Dr. Ivory’s research interests are literature and the fine arts, aestheticism, space and identity, the history of sexuality, and the culture of the fin de siècle. Much of her work revolves around literary and cultural interactions between Germany and Britain in the decades leading up to World War One. Her first book project, The Homosexual Revival of Renaissance Style, 1850-1930 (Palgrave Macmillan, 2009) examined how British and German sexual dissidents like Oscar Wilde, Thomas Mann, John Addington Symonds, and Vita Sackville-West looked to the Italian Renaissance for positive ways of understanding their identities.
Dr. Ivory has also published articles on the German anarchist movement around 1900, on Stefan George, on Walter Pater, and on how Wilde became an icon for the German gay rights movement. She is currently working on a study of Oscar Wilde’s modernist afterlives in Austria and Germany.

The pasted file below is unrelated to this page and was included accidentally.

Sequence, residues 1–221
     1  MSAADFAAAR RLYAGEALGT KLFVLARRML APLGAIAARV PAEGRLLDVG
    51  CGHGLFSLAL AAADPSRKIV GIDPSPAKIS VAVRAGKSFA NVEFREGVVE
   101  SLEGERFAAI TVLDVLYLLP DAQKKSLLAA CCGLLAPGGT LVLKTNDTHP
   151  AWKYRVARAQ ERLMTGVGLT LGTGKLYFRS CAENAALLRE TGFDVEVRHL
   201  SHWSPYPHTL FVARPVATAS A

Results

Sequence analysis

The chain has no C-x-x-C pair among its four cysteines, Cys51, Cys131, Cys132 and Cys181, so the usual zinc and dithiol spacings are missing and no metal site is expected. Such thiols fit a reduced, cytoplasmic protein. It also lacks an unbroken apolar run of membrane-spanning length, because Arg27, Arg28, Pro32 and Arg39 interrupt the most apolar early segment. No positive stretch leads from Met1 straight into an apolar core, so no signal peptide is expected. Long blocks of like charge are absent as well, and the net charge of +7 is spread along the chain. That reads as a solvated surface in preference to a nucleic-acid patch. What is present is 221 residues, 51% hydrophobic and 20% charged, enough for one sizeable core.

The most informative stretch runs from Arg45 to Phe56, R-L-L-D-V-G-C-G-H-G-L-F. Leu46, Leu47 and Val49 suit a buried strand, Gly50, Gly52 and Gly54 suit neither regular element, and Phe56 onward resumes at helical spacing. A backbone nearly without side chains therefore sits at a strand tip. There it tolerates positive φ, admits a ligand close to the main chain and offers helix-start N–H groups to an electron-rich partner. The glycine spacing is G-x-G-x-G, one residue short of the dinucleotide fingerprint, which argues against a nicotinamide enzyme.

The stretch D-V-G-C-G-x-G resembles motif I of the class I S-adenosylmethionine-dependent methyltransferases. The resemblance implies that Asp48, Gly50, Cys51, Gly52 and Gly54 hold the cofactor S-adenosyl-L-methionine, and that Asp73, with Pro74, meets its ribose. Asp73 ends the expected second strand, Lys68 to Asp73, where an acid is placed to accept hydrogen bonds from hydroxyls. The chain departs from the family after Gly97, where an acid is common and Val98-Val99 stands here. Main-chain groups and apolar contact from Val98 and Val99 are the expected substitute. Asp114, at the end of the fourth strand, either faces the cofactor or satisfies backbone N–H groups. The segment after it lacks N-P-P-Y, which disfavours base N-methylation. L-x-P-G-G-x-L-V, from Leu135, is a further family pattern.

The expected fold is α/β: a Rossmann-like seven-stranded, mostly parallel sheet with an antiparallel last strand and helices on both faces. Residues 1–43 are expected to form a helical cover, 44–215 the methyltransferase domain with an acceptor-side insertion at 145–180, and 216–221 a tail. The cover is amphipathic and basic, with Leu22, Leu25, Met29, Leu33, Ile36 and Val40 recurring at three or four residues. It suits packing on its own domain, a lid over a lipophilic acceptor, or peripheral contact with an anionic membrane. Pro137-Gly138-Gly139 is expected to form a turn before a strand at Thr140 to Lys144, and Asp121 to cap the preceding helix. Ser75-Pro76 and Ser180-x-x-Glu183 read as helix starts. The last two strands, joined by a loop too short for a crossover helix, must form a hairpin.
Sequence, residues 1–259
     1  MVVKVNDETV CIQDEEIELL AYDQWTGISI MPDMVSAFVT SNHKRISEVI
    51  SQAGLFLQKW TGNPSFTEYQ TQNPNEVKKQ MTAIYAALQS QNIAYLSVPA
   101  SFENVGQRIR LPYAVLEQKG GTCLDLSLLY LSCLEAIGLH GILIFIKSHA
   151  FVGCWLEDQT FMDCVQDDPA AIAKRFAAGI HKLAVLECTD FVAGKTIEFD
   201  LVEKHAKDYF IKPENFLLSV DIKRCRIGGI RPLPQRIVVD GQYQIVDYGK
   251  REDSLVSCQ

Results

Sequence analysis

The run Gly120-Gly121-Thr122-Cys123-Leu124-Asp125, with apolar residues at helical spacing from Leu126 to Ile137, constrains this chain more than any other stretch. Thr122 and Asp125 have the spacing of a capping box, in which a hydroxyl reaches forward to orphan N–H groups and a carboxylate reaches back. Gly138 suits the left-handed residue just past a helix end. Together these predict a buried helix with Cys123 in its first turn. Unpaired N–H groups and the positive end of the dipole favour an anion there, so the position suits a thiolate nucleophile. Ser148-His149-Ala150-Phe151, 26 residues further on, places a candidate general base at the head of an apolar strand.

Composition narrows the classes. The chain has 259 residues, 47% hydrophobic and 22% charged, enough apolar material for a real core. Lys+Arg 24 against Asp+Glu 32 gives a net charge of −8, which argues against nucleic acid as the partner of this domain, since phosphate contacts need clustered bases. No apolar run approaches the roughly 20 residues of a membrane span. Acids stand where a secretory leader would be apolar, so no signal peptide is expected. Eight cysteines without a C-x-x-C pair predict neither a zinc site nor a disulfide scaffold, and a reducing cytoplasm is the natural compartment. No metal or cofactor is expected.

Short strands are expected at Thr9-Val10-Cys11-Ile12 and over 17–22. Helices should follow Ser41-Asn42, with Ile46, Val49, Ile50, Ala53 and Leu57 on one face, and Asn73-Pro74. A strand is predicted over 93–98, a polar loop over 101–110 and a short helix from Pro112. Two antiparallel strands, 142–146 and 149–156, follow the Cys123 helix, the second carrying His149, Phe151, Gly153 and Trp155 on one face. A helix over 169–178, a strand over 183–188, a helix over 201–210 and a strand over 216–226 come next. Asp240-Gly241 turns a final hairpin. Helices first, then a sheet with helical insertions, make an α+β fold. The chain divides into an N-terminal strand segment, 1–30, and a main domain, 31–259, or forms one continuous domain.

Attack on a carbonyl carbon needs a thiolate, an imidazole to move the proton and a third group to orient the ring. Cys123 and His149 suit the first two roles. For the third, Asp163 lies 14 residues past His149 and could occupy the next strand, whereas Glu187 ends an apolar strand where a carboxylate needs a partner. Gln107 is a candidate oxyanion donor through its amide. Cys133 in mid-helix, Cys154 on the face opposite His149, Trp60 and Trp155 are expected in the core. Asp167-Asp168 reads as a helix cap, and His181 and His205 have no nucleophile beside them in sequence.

She teaches language, literature, and culture at all levels at USC, where her courses have included “Berlin: Topographies of the Twentieth Century,” “The Novels of Thomas Mann,” “An Introduction to German Culture,” “German Literature 1890-1945,” “Readings in German Literature,” and “Sexual Diversities: An Introduction to LGBT Studies.” As a visiting professor in the English Department at the Ruhr Universität in Bochum, Germany, she taught “The Many Masks of Oscar Wilde” in 2008.